|Shire CEO Flemming Ornskov|
Shire ($SHPG) has made it no secret that it's still interested in buying Baxalta ($BXLT), the hemophilia specialist that shot down its $30 billion bid over the summer. But with the latter's position in the hemophilia market being threatened by a score of up-and-coming therapies, some analysts can't quite understand why.
As Bernstein analysts Ronny Gal laid out in a recent note to shareholders, new approaches to treating the disease are on the horizon for several companies. Five drugmakers--including Alnylam ($ALNY), which boasts an RNAi therapeutic, and Roche ($RHHBY), which is working on its own first-in-class antibody--have advanced to the clinic with programs that are administered subcutaneously and less frequently and bear a reduced risk of forming inhibitors.
"There is significant unmet need in hemophilia for products … with this kind of profile," Gal wrote.
The way he sees it, players Novo Nordisk ($NVO), Bayer and Baxalta would suffer if the crop of newcomers gain traction. About 11% of Novo's revenue comes from its hemophilia products, and about half of that could be lost to competition. And Bayer's exposure to hemophilia rivals is about €1.2 billion.
Thing is, both of those companies are working on novel approaches of their own--and in the case of Bayer, the German company's risk is mitigated by its size, Gal points out.
But Baxalta? The Illinois pharma, spun off from parent company Baxter ($BAX) earlier this year, is "heavily reliant" on the hemophilia market for its operating profits, with about 70% coming from its products in the field. And that means "success of alternative approaches could devastate its business," Gal wrote, predicting that 40% or so could take a direct hit.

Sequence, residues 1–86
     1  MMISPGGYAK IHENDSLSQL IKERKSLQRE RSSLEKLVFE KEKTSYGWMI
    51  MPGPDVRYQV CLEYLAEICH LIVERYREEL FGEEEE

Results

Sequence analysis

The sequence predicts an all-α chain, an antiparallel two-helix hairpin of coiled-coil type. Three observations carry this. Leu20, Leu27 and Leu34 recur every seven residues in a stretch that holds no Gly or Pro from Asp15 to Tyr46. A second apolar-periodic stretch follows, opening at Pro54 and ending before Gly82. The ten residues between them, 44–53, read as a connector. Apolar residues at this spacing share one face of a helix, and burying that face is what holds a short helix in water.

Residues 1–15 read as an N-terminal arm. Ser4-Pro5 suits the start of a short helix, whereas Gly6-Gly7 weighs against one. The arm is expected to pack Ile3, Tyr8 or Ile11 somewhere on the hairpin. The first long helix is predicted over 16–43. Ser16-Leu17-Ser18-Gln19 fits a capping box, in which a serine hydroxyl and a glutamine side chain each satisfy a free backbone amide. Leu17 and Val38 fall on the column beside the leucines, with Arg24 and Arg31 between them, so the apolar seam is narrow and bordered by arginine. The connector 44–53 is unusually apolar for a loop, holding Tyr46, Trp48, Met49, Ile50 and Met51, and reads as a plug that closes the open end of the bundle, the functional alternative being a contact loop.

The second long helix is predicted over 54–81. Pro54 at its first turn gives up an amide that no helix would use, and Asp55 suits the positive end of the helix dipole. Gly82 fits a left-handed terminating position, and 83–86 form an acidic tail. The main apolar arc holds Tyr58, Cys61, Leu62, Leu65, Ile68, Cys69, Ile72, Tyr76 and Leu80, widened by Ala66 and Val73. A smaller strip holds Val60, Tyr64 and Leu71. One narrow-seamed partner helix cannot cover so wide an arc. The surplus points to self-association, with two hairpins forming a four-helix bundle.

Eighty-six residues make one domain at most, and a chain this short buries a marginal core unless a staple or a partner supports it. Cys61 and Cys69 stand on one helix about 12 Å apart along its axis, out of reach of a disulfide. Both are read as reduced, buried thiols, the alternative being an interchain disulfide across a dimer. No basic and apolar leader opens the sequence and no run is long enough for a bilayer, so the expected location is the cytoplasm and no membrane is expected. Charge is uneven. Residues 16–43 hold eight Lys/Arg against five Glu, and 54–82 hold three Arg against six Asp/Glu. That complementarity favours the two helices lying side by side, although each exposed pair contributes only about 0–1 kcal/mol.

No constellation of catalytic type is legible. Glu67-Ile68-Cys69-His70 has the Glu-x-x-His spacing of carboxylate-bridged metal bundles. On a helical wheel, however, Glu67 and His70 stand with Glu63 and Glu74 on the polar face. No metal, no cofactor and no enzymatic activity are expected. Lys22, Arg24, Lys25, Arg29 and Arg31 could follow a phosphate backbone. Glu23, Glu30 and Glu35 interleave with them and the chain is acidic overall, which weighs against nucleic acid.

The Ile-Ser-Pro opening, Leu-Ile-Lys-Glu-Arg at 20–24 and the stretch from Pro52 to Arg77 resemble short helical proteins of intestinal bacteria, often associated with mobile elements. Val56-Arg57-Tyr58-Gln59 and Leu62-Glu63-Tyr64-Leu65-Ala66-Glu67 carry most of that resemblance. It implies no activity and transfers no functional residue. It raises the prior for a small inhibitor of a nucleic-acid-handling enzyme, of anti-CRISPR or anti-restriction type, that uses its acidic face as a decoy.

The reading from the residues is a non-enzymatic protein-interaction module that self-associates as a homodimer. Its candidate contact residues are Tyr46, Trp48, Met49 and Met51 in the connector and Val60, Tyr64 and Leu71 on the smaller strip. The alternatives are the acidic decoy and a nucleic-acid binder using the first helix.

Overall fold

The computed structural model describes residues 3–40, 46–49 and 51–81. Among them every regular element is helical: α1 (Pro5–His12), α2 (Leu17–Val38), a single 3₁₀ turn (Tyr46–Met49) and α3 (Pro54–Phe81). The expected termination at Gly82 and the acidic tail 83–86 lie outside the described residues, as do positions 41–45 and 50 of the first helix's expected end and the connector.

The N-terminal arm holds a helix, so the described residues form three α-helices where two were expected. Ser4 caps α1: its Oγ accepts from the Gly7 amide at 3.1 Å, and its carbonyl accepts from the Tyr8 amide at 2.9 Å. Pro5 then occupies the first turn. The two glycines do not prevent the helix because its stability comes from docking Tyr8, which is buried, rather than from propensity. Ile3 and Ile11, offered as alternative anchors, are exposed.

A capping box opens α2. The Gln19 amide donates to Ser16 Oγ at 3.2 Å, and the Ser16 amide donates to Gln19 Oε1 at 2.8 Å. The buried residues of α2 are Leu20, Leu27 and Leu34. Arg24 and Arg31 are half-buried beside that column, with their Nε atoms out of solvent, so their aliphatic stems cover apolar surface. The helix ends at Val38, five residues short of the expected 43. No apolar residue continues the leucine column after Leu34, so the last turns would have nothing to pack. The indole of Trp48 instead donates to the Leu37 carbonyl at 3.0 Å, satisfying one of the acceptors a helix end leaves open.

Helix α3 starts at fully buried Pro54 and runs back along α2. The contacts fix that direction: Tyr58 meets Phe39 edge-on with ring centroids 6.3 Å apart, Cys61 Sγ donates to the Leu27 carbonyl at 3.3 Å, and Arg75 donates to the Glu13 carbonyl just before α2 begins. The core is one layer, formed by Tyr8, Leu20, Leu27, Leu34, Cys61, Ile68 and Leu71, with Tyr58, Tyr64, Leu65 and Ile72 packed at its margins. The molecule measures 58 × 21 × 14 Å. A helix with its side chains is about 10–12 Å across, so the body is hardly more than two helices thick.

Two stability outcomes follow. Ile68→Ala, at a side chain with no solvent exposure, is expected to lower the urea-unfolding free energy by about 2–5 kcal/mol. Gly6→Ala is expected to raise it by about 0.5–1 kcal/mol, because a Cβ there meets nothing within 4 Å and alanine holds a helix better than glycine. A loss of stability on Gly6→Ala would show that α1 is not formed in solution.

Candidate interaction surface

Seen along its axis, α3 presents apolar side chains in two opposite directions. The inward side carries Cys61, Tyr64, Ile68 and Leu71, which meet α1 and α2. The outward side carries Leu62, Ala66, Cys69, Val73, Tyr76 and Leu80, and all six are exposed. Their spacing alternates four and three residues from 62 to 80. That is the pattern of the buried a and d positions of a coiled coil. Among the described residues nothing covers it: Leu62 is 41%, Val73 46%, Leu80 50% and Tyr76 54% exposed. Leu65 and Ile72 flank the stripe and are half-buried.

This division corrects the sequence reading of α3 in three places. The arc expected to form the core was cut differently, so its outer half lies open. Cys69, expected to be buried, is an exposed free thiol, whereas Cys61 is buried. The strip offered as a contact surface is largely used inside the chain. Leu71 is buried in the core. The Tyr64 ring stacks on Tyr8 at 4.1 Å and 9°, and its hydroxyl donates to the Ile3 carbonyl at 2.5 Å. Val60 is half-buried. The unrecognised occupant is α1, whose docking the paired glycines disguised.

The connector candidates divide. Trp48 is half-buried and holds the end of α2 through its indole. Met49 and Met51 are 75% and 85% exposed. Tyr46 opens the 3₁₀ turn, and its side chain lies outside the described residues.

With that in mind, Gal and his fellow Bernstein analysts are perplexed by Shire's ambitions. As Reuters reported last week, CEO Flemming Ornskov has been doggedly pursuing a Baxalta tie-up for the past 6 months, despite its target's refusal to engage in talks. And the news service's sources say a new buyout proposal could soon be on the way.
"Shire has been dismissive of the risk and we are still puzzled by their approach (as is the market) given the progress of alternative programs," he wrote.
|Baxalta CEO Ludwig Hantson|
They're not the only ones confused by Shire's interest in hemophilia. Baxalta CEO Ludwig Hantson, for one, told investors in August that combining Baxalta's core business with other rare-disease businesses won't spell simple cost cuts for the Dublin drugmaker.
"An acquirer like Shire isn't just going to find easy savings from a combination with dissimilar assets," he said.
Special Report: The 25 most influential people in biopharma in 2015 - Flemming Ornskov - Shire